The Espion Infinite is a bulky device measuring in at 140.5mm x 49.5mm x 33.0mm.
It also weighs 172g without batteries, so not the lightest of devices, but I guess that is to be expected with a dual 21700 mod.
While this might be a particularly unique device for Joyetech and is possibly the first to feature LED lights of this style. It certainly does not have any innovation to it.
The Espion Infinite is capable of firing up to 230W and comes with Joyetech’s usual array of features.
That includes a full temp control suite supporting Ni, Ti, SS316, and TCR with 3 memory modes.
There also a preheat option, which allows you to enter the power and duration of the preheat.
Joyetech also incorporates their RTC mode, which is basically just power mode with a clock face on the display.
The Infinite supports 2amp charging and as previously mentioned supports 21700/20700 and 18650 batteries with the included adapters.
The usual safety features of reverse polarity protection, over-charging, over-current and over-discharging are all present.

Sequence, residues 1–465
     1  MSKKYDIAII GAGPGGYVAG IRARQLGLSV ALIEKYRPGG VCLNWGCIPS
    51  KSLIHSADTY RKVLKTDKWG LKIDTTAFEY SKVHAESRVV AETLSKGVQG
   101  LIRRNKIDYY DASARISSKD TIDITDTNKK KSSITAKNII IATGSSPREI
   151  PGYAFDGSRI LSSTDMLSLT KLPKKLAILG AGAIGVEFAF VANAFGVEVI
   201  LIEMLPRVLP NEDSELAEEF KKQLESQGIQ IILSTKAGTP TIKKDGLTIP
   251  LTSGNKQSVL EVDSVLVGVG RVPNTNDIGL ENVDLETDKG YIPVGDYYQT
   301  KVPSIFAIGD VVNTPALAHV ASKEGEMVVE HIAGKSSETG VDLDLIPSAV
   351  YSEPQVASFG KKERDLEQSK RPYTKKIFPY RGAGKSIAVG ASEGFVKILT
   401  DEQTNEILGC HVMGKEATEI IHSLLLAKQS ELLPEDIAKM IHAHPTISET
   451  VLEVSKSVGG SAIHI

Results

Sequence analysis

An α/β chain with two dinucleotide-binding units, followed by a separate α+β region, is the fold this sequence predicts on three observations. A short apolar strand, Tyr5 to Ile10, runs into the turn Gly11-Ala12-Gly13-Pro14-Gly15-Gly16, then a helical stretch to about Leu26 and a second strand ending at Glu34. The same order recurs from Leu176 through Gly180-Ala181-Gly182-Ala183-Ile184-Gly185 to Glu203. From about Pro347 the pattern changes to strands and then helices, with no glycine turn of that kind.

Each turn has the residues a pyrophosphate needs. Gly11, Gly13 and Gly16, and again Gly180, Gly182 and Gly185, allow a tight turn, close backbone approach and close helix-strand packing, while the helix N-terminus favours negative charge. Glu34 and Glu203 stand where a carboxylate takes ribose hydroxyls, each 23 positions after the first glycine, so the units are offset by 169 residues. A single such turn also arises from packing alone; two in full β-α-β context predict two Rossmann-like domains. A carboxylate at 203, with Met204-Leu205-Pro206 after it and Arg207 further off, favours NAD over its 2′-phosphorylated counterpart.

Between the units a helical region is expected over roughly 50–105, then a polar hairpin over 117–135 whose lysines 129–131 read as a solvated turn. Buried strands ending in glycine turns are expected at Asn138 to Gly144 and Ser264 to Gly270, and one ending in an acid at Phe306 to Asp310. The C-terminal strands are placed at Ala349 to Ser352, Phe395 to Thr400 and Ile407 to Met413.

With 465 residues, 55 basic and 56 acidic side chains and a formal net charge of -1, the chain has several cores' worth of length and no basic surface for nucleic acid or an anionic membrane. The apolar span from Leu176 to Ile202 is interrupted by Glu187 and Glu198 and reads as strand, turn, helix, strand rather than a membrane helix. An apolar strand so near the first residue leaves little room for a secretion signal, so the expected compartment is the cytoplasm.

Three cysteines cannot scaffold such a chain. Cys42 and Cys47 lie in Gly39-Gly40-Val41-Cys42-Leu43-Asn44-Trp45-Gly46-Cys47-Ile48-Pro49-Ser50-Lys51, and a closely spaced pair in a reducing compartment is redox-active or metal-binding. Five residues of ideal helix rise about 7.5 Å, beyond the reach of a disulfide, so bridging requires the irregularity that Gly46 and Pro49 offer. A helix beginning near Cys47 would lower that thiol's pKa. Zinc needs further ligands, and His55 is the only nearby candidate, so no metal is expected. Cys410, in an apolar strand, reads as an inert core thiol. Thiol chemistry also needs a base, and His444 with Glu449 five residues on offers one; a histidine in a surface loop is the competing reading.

This is a new proprietary chipset that Joyetech are using, so we’ll see if that brings any improvements in performance. It is also firmware upgradeable.
Joyetech has abandoned the mode button that we saw on previous Espion models, which makes the slightly Infinite less user-friendly.
However, it is a relatively straightforward menu system to get to grips with.
3 clicks of the fire button will bring up the menu system with 4 options, which a pretty self-explanatory. There are:
- Set (settings)
You can change the actual screen text and display on the ‘Set’ menu, with golden brown, blue, green, and red as color options.
The main feature and I guess selling point of the Espion Infinite is the LED lights.
There are several lighting options, which can be configured in the ‘LED’ setting.
The lighting selections are as follows:
- Moon: solid color (choice of several colors or set your own)
- Fire: downward and upward movements changing color as it moves
- Wheels: travels around the screen changing color
- SPE3: multiple colors spin around the screen
- SPE7: multiple colors jump around the screen while keeping a solid base color
- Glow: fades in and out with varied intensities and colors
- Morph: varied colors changes while the brightness stays constant